Shas School Network Agrees to Reimburse Staff for Mandatory Newspaper Subscriptions

Schools affiliated with the Shas party required to teachers to have a subscription to the party newspaper Yom Leyom. Compensating teachers for subscription fees will cost 22 million shekel ($6.5 million)

Nati Tucker
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A Shas party meeting in Jerusalem, January 27, 2013.Credit: Emil Salman
Nati Tucker

The Ma’ayan Hahinuch Hatorani network of schools affiliated with the Shas party will compensate each member of the school network’s staff 40 shekels (about $12) for every month that they worked after requiring them to buy subscriptions to the party’s newspaper, Yom Leyom. Since the Shas school system has about 6,550 employees, the settlement will involve reimbursement of 22 million shekels ($6.5 million).

The 40-shekel monthly sum is roughly the amount that was deducted from employees’ salaries every month for the subscription. The compensation comes in a settlement submitted to the Tel Aviv regional labor court on Monday of a class action suit. The lawyers for the class of plaintiffs will get 150,000 shekels in legal fees. In settling the case, the school system is not admitting any wrongdoing. Within the past year, Yom Leyom has been sold by the party and is now under private ownership.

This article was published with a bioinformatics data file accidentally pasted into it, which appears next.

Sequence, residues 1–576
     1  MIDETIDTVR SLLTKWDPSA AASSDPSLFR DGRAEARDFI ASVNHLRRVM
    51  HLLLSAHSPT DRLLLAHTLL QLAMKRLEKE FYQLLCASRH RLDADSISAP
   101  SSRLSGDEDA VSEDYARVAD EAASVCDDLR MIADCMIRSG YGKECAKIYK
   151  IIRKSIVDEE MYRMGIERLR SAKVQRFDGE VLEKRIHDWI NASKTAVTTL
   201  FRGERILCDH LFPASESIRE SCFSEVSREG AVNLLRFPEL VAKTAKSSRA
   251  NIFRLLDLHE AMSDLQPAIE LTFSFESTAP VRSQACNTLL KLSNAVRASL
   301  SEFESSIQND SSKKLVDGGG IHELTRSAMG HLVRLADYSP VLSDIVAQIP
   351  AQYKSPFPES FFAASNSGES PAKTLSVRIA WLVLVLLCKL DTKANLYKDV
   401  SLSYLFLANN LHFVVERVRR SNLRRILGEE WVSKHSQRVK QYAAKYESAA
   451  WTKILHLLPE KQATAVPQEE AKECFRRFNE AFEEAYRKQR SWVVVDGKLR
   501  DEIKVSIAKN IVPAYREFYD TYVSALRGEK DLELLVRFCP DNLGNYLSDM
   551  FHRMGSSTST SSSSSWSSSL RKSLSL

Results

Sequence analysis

The suit alleged that acceptance for employment at the Shas schools was conditioned on a deduction for the Yom Leyom subscription without any explanation or opportunity to complain. For its part, Ma’ayan Hahinuch Hatorani said the claim of the lead plaintiff, Avishai Greenzweig, was not well-founded because he had “voluntarily” assented to the subscription in documents he signed to work at the school system, and because after he complained about the subscription fee, the salary deduction for it was stopped and his subscription canceled.

The settlement came at a hearing in the case on Monday and will apply to all employees who have had any amounts deducted for subscriptions from their salaries for the past seven years.

Greenzweig said he considers the settlement a dual achievement in not only winning reimbursement for subscriptions, but also the assurance that employees subscribing to the new Shas newspaper, Haderech, will do so on their own and not through their employer.